To aid this, Miliband insists that Europe must speak with one voice, and must adopt the anti-nation-state Lisbon Treaty. "The institutional changes provided by the Lisbon Treaty, in particular, the introduction of a permanent president of the European Council, and the creation of the position of high representative for Foreign Affairs and Security Policy is a major opportunity for Europe to translate common interest into common positions."

This seems to be as about a clear a statement as one might expect to find, of Britain's intention to suck Europe into the Lisbon Treaty, and to suck the rest of the the world into destroying itself through free trade and environmentalism—while the U.K. remains above it all, as the "hub" of the new empire now called "the new international bargain."

Preserving the 'Anglo-Sphere'

The Princeton Project itself is tightly tied to its British sponsors. On May 1-2, it co-sponsored a conference held at the Royal United Services Institute for Defence and Security Studies (RUSI) in London. The Princeton Project was clearly launched as a effort to control the agenda for the 2008 U.S. Presidential elections (indeed, at the moment of the release of its final report in September 2006, one of its principals was meeting with Obama's office), and the London meeting was shamelessly explicit about this, calling itself the "Global Leadership Forum: The 2008 US Presidential Elections and the Future of World Politics."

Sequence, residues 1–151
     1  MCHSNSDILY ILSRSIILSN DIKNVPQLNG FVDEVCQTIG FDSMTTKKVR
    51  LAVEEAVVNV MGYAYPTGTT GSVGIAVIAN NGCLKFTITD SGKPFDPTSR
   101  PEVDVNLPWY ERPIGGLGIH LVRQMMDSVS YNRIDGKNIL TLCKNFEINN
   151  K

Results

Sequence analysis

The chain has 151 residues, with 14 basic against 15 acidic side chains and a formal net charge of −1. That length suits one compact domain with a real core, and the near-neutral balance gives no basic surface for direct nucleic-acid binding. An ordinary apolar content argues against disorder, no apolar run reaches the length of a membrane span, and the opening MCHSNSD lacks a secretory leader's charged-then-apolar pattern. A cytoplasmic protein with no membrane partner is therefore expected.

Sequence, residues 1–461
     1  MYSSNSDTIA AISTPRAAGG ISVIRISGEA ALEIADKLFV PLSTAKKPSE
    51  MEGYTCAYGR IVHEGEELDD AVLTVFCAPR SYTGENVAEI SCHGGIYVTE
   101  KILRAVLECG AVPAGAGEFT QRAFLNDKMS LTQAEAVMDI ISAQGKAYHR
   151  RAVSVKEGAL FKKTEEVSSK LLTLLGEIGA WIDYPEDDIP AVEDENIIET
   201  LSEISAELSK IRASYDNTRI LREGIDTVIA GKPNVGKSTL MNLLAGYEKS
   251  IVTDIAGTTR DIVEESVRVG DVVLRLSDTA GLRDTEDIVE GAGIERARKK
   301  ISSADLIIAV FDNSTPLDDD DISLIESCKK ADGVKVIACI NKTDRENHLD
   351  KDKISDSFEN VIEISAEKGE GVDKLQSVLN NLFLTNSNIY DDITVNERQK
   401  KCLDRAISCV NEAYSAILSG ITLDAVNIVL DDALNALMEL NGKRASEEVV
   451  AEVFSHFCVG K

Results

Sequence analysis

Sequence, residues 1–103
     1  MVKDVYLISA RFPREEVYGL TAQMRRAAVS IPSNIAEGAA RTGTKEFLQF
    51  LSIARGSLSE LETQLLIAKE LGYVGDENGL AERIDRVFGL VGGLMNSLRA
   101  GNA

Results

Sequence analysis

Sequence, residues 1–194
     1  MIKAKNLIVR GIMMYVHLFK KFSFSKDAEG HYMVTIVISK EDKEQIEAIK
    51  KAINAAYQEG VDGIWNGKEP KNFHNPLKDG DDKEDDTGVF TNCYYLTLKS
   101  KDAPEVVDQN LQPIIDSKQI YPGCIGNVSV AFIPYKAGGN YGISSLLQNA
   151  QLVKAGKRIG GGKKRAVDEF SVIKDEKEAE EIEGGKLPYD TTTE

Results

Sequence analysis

Michael Clarke, the director of RUSI, in an essay written for the conference, tried to counter what he called the "strategic malaise" now affecting the United States and Britain. After all, he wrote, "Britain or the United States, either individually or together, have prevailed in every major—strategically important—conflict of the last three hundred years. Every single one." Clarke expressed his hope for the continuation of what he called "the dominance of the Anglo-sphere in modern international history."

Both Obama's and McCain's chief advisors would seem to have no dispute with that corrupt perspective.


[1] EIR (May 30, 2008), under the headline, "Will Obama Reject the Pinochet Team?" reported that the Concert of Democracies scheme directly echoes the League of Democracies plan put forward in 1938 by Anglophile Clarence Streit, an American leader of Lord Lothian's Milner Group; Streit proposed that the United States, including its currency and its military, be absorbed into the British Empire as the "nucleus of a world government" that could impose its will by armed force.